For vehicles receiving a 5-star overall side barrier crash safety rating, advertisers may use a phrase similar to the following: “received the highest government safety rating for the side barrier crash test.”  For vehicles receiving a 5-star side pole crash safety rating for the front seating positions, advertisers may use a phrase similar to the following: “received the highest government safety rating for the side pole crash test.” If the side barrier crash safety rating is promoted, the side pole crash safety rating also should be provided; if the side pole crash safety rating is promoted, the side barrier crash safety rating should be provided.

Do not use terms such as "double" 5-star rating when a vehicle has received a 5-star rating for both the front and rear seating positions in the side barrier crash test. Under no circumstances may an advertisement claim a vehicle earned a rating higher than 5 stars.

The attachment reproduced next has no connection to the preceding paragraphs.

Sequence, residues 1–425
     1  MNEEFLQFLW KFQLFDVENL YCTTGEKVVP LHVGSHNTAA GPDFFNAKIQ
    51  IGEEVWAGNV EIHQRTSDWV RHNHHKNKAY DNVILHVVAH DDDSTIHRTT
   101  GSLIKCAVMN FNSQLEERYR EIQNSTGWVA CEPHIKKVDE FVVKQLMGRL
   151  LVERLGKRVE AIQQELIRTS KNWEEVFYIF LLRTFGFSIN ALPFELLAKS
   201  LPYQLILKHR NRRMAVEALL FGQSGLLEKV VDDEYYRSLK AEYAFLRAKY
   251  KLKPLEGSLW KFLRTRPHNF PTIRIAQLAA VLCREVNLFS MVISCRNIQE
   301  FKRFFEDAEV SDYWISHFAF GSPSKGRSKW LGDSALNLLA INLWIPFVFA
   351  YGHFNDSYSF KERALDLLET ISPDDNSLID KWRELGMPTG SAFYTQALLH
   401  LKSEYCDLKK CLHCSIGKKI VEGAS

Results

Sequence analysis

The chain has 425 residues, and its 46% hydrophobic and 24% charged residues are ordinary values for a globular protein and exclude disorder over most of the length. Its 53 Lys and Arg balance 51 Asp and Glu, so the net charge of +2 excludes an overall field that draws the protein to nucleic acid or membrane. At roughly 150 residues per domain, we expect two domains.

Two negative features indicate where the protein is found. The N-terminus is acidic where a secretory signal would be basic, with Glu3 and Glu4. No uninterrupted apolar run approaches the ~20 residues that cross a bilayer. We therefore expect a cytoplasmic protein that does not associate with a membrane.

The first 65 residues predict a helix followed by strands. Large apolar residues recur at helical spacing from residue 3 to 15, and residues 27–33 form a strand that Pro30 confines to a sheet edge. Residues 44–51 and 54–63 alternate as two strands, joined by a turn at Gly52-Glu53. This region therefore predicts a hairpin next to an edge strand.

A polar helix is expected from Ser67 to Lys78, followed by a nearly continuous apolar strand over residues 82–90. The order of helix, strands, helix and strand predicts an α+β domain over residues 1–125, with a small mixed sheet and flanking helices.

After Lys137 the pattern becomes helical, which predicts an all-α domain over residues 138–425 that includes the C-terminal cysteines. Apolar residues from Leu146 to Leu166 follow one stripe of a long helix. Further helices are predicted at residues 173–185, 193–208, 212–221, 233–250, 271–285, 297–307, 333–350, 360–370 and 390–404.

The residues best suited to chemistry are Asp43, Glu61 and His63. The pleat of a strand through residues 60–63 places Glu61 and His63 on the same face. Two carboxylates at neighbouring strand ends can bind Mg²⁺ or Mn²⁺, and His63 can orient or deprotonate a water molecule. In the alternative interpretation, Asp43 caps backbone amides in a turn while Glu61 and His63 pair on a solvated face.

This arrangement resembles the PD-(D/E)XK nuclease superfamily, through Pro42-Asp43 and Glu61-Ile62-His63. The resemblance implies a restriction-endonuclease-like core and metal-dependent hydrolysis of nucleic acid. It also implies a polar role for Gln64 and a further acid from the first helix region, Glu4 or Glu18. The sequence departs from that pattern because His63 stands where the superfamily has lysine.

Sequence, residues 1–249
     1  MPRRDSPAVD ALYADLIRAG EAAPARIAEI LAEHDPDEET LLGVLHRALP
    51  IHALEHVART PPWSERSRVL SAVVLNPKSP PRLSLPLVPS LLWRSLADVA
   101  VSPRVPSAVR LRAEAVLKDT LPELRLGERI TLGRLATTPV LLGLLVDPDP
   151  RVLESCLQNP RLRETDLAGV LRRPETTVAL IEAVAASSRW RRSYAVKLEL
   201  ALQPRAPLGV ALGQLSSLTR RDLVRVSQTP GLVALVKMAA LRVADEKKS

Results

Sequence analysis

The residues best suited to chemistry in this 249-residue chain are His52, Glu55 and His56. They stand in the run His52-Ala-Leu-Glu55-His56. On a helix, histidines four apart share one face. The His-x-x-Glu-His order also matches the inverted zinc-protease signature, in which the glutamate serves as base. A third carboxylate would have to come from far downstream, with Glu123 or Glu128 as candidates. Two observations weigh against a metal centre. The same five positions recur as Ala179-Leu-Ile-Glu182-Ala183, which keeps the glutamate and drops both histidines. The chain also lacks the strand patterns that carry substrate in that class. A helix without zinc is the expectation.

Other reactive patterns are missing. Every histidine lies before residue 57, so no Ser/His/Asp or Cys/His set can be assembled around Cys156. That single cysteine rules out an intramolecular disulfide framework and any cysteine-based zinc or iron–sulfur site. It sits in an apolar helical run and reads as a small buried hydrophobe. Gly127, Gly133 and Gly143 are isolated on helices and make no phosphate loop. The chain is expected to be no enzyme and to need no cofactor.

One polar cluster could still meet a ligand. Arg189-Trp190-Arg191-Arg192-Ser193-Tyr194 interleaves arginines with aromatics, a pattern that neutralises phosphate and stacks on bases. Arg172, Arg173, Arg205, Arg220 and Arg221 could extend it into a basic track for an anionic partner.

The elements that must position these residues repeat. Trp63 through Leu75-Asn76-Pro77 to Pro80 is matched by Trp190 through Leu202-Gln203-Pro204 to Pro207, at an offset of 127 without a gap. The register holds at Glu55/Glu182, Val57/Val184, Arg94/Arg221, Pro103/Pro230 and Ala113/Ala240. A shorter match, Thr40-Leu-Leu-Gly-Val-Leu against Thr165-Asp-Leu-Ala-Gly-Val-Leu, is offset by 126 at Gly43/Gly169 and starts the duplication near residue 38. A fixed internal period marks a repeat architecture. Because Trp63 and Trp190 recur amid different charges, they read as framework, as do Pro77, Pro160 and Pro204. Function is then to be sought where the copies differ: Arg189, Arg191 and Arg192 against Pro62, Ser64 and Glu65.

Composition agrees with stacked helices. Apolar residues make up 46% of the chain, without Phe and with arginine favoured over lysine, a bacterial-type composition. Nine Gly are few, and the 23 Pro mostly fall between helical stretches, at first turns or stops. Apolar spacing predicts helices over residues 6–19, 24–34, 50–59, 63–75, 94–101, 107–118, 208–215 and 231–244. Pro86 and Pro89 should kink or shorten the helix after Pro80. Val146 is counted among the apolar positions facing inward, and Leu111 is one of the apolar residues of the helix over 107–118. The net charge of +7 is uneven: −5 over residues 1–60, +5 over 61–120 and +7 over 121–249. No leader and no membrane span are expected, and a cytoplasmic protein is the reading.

NHTSA combines results from both of the side-impact tests to create side-impact ratings for the front and rear seating positions. A side-impact rating that combines the front seat’s performance in both the side barrier and side pole tests is called the front seat side-impact rating. Advertisers may use a phrase similar to the following when describing a vehicle with a 5-star front seat side-impact rating: “received the highest government side crash safety rating for the front seat.” Likewise, advertisers may use a phrase such as the following to describe a vehicle with a 5-star rear seat side-impact rating: “received the highest government side crash safety rating for the rear seat.” If the front seat side-impact rating is to be shown, the rear seat side-impact rating also should be shown, and vice versa.